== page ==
Microbiology graduate student Quinn Washburn developed a board game called Oligotrophic designed to help students understand the microbial ecology of the oceans and movement of biomass. Marine microbes live extraordinary lives of their own, albeit ones fraught with danger and opportunity.
Driven to help educate children and others about the essential marine microbes that form the basis of life in the ocean and that perform 50 percent of the Earth’s photosynthesis, Washburn created the game, Oligotrophic.
Characterized by slow growth, low rates of metabolism and generally low population density, an oligotroph is an organism that can live in an environment with very low levels of nutrients. Oligotrophic environments include deep oceanic sediments, caves, glacial and polar ice, deep subsurface soil, aquifers, ocean waters, and leached soils as well as subtropical ocean gyres that cover a substantial portion of the Earth’s surface.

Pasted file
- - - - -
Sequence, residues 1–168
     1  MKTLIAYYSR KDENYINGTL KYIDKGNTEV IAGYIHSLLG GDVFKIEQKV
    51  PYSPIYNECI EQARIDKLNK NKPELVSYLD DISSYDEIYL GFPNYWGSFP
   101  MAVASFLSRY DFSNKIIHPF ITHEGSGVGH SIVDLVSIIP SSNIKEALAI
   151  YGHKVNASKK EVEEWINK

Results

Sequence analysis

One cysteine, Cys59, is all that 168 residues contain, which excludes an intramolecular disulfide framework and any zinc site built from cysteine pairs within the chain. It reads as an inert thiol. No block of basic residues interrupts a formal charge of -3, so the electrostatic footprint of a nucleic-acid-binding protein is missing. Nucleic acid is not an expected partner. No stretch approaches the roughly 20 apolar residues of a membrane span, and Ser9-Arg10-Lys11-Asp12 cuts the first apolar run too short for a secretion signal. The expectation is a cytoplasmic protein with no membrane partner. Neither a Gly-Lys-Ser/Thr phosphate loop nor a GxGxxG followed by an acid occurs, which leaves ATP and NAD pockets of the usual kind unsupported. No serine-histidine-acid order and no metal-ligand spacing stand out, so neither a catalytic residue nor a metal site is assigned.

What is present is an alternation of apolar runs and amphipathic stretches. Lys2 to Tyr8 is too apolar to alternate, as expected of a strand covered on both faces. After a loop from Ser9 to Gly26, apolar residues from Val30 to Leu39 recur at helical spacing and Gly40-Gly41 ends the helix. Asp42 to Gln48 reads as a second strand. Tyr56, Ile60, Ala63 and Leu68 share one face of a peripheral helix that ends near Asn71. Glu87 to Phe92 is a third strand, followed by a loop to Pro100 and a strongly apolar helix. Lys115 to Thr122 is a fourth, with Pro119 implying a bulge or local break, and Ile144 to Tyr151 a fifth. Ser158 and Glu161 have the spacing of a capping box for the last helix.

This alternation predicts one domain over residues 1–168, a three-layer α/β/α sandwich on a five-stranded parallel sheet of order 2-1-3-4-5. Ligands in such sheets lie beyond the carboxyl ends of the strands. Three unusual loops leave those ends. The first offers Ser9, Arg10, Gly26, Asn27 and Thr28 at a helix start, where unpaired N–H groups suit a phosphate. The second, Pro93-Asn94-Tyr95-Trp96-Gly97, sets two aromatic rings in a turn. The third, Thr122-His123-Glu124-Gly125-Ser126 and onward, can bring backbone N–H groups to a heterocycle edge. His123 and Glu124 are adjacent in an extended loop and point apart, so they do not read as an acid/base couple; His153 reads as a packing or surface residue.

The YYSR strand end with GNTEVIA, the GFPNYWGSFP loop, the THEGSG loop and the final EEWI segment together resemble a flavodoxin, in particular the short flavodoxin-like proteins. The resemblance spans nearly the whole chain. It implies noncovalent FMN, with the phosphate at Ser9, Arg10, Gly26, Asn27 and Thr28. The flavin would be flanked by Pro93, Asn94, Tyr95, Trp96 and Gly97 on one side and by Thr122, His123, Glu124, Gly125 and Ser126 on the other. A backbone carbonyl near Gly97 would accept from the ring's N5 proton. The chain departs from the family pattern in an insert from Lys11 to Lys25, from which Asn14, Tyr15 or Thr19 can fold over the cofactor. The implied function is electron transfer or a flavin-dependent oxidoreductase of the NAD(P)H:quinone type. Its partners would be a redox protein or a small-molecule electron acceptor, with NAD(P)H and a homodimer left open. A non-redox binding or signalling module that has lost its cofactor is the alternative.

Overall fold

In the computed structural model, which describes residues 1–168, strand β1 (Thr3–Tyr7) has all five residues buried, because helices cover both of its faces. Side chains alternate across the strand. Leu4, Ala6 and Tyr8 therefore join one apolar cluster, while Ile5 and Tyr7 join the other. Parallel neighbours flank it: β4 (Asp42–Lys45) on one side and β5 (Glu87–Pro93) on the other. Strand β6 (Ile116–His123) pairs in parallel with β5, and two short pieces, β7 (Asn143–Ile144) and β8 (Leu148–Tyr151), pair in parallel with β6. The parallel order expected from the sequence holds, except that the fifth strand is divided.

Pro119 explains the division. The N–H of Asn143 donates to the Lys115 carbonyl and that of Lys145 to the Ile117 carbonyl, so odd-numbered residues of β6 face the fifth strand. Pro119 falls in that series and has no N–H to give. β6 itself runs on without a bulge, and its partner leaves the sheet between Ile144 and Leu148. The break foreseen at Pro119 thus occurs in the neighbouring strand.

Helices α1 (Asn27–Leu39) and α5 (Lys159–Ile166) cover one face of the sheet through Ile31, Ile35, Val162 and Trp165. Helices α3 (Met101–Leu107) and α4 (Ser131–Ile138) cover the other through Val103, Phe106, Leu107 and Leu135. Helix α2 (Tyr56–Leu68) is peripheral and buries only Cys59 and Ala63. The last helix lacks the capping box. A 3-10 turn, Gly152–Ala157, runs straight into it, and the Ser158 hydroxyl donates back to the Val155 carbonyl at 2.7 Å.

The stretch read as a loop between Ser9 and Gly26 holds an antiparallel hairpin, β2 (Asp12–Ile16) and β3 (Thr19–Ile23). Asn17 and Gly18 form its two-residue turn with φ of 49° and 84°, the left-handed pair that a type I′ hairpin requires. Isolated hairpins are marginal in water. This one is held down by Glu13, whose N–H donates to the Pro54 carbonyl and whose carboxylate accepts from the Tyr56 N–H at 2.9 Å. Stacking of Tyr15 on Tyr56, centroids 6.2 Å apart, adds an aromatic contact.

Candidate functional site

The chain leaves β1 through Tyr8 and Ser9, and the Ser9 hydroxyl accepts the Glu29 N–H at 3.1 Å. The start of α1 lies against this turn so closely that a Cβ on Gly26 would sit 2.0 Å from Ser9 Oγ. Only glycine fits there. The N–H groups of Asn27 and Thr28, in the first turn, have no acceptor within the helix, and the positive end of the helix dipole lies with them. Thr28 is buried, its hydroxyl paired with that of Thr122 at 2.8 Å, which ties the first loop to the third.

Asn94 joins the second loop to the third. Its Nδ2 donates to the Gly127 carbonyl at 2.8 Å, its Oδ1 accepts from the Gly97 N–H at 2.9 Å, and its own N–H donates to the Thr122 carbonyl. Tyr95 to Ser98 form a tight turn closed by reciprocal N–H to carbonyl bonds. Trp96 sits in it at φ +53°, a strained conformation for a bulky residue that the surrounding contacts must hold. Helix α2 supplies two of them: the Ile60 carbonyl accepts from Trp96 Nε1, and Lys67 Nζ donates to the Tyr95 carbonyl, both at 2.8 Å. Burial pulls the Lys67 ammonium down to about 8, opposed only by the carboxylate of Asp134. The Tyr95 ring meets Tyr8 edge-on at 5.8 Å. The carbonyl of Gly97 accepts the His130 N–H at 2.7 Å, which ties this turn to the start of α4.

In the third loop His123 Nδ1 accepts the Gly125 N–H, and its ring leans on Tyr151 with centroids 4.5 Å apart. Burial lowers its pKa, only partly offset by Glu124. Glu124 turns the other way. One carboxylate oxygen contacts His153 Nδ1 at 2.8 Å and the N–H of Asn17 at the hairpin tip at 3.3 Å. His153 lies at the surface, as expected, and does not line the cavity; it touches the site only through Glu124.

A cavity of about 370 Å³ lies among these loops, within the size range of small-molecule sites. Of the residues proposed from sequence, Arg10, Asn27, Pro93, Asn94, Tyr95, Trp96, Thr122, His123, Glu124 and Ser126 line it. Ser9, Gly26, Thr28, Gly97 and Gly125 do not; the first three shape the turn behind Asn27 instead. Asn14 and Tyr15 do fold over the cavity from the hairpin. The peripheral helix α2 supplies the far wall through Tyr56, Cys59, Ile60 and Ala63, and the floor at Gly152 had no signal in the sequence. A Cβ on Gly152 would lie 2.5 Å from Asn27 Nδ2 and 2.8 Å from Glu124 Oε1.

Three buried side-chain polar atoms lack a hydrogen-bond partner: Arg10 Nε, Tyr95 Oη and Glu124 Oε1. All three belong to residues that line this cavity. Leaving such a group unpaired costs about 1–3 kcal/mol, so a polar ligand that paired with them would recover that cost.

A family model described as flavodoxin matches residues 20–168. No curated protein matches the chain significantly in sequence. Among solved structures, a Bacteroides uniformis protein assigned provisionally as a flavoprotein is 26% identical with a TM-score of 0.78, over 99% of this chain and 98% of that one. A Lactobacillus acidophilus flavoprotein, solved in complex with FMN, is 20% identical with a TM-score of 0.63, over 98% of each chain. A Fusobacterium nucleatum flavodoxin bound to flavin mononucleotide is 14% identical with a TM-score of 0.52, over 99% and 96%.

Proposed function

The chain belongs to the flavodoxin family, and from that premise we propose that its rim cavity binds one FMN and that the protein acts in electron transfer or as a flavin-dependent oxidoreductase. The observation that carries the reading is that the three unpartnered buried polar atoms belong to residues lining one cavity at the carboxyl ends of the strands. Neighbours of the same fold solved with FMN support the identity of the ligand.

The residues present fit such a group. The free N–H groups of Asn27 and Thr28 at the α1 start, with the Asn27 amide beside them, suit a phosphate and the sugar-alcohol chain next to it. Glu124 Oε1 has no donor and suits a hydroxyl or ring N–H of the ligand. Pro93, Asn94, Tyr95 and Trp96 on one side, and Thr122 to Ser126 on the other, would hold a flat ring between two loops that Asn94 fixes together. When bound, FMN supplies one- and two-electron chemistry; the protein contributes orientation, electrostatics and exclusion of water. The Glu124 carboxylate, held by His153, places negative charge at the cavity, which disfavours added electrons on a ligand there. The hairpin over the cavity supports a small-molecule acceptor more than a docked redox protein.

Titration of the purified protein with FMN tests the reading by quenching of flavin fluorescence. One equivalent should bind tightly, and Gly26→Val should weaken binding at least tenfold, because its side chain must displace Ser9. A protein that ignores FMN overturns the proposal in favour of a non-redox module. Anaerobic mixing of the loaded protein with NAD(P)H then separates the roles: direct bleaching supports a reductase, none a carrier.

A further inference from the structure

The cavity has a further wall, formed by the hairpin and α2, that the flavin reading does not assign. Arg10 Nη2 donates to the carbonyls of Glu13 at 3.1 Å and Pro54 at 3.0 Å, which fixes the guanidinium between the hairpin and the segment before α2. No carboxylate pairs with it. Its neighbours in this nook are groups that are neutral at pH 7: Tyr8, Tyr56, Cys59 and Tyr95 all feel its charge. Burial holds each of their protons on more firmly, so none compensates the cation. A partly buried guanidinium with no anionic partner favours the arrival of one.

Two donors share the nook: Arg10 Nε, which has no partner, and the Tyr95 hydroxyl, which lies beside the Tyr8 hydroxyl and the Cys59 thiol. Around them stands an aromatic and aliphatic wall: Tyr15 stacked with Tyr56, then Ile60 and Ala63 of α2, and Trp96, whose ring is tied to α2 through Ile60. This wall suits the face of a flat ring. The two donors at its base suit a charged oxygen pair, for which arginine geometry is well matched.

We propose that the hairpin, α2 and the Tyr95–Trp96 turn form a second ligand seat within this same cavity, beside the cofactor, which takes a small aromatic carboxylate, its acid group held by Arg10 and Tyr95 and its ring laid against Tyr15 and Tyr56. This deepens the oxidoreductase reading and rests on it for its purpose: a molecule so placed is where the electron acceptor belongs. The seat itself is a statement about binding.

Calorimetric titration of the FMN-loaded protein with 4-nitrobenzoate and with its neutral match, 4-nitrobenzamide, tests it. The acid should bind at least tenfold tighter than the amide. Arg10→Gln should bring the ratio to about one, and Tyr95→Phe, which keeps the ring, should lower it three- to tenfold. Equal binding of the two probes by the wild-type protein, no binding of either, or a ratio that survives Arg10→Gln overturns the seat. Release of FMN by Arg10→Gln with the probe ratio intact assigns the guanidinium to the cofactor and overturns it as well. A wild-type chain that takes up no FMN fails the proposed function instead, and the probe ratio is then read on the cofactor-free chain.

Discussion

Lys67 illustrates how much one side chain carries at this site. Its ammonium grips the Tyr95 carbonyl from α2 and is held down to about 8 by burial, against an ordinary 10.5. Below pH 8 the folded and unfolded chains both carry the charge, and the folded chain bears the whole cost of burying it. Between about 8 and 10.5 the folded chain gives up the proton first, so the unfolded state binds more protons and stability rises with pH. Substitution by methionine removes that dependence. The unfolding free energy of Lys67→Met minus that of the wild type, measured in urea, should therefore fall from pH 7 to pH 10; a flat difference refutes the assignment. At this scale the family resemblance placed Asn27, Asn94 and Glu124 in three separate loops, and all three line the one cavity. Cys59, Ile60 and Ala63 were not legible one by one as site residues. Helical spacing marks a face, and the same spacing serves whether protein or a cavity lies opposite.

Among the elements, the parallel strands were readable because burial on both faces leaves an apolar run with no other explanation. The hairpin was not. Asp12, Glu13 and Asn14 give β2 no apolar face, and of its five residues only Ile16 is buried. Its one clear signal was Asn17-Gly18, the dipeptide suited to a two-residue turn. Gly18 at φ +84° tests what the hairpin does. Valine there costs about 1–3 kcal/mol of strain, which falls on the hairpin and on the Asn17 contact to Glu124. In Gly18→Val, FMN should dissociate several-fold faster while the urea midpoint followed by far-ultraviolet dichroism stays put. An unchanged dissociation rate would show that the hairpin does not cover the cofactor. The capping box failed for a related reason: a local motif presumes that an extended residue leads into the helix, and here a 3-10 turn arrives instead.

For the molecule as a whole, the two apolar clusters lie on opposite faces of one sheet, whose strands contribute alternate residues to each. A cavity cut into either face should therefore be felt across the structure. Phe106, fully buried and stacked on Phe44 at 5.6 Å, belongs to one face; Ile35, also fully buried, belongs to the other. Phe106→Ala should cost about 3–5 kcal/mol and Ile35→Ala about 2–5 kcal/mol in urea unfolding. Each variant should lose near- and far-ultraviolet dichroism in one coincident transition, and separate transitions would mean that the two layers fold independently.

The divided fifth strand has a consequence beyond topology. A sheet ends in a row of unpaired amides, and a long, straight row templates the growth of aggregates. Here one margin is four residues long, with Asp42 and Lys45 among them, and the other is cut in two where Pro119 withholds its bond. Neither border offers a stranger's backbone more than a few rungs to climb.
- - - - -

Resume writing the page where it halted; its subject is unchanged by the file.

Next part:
“It was my goal to create a fun, engaging and interactive game that would transport students into the microbial world so they could learn about this incredible ecosystem, where the action is invisible to the naked eye,” said Washburn.